Anderson: You have to worry less about Jim Cameron or anyone at this table than, like, the first-time independent director who goes to a supposedly independent company. I mean, my first experience [the movie "Hard Eight"] was with a company called Rysher Entertainment. And they are a bunch of knuckleheads. They tortured me and took the movie away from me and recut it. I was really young, really naive, totally unprepared. I didn't know how to deal with it. I tried to talk to them like they were fans of movies. Mistake No. 1. Just talk XYZ technical jargon and confuse them, which is what I learned. But at a big studio it really isn't like that, because they know better. If they fire the director the actors won't do publicity. I only got my first movie back because I had Gwyneth Paltrow and Sam Jackson going "don't fucking do this." Any self-respecting studio probably wouldn't do that. At the same time I won't make a movie for [Miramax's] Harvey Weinstein, because I wouldn't put it past him to break down the editing room door and then cut the film.

Van Sant: Somebody asked a junior executive what his favorite part of making a movie was. He said, "Oh, the editing." They said why? And he said, "Well, because I can save the movie." Even if there's only something tiny wrong they want to feel like they can save it.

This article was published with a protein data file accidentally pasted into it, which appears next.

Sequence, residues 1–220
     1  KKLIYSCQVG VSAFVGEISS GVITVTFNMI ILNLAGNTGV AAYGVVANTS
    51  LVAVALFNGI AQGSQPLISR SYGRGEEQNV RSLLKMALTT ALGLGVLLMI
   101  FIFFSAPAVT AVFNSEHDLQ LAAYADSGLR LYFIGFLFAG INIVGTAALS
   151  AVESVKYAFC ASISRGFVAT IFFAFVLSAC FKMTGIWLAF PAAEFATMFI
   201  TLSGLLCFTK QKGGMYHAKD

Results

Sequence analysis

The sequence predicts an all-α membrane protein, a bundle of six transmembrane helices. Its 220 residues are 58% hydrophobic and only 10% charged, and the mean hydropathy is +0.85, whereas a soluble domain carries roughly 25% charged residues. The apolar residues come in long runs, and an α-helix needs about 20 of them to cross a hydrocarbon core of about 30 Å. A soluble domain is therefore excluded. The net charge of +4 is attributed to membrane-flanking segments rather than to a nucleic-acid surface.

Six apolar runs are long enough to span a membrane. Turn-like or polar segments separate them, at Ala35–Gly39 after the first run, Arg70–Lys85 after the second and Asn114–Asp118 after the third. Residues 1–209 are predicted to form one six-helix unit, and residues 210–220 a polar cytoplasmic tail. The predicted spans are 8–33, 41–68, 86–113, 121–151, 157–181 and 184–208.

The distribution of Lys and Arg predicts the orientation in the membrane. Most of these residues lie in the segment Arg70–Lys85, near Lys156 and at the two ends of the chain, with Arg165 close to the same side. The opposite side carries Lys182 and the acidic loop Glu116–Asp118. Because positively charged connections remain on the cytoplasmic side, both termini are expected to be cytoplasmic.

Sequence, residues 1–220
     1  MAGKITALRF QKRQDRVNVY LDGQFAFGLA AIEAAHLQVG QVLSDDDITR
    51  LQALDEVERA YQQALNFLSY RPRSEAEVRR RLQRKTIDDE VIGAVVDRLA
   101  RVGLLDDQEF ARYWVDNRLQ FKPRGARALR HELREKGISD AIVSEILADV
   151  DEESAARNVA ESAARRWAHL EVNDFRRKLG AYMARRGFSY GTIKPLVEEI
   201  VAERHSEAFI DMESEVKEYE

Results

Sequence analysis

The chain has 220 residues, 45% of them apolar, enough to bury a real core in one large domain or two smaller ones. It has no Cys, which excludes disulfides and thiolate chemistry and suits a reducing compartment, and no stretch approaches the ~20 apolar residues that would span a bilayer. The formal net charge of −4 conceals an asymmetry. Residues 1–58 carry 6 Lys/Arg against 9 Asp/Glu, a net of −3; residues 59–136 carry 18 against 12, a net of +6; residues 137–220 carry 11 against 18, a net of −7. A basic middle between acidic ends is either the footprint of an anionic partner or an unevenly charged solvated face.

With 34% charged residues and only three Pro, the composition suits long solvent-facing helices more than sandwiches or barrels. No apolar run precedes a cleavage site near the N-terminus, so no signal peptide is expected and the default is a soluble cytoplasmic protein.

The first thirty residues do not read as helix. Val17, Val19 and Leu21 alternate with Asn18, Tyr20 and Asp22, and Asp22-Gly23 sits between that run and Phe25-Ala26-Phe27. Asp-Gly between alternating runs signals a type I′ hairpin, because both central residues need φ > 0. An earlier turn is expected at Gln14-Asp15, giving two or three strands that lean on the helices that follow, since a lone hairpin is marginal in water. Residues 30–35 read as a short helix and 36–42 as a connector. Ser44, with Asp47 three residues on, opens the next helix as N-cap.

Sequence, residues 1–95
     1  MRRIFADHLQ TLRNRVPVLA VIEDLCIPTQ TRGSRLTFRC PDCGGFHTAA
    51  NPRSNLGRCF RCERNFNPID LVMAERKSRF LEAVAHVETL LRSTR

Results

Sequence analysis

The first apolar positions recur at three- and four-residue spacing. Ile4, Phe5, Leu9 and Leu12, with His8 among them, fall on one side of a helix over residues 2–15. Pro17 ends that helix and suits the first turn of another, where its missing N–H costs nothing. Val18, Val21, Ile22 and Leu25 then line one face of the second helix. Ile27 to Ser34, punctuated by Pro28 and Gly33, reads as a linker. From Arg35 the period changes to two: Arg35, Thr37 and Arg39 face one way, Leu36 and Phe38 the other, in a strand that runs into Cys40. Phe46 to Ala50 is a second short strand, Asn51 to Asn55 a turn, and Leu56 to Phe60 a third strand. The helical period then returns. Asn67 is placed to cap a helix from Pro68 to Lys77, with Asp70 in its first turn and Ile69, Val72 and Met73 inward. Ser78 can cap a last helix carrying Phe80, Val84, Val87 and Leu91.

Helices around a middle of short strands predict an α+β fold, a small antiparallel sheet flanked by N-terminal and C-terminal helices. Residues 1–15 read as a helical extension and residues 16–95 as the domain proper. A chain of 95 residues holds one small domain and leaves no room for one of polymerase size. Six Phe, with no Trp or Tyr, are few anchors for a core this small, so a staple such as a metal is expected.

Sonnenfeld: When I started out on "Addams Family" at Orion, they were going bankrupt. They sold "Addams Family" to Paramount. At 5 o'clock on the day Paramount bought it, their chairman got fired. Stanley Jaffe [the new acting chairman] comes in and sees the same 20 minutes we showed to get Paramount to buy it. He hates it and says the movie is uncuttable and unreleasable, OK? But I still had eight more weeks of shooting. So now they're all nervous. I get done shooting and the two heads of production at Paramount take me to lunch and they say, "Show it to us right away." I said, "No, you're the enemy, you're not going to see it for 10 weeks." So they say, "Well, at least tell us what it's like." I go, "OK," and we're now leaving the Paramount commissary. I say, "Did you see 'Sophie's Choice'? It's sort of like a sadder version of that." And I go back to my office. The phone's ringing. Scott Rudin, the producer, is saying, "Schmuck, did you tell the head of the studio that?!" I said yes. He says, "They believe you." I had to call up these two guys and convince them that I was being ironic, and that it's really a comedy. And this is a true story.

Hanson: The worst thing that's happened to the movie business is the public's obsession with the box office--with turning every weekend into a horse race. That's the message that Middle America is getting--which horse won which weekend? And it's great when you're that horse, but what it's done is it's made the old "let a movie have a life of its own" go by the boards.

Van Sant: There is a debate in my mind about the weekend-box-office mentality.

Anderson: Your movie just made $10 million over the weekend. Of course you're split.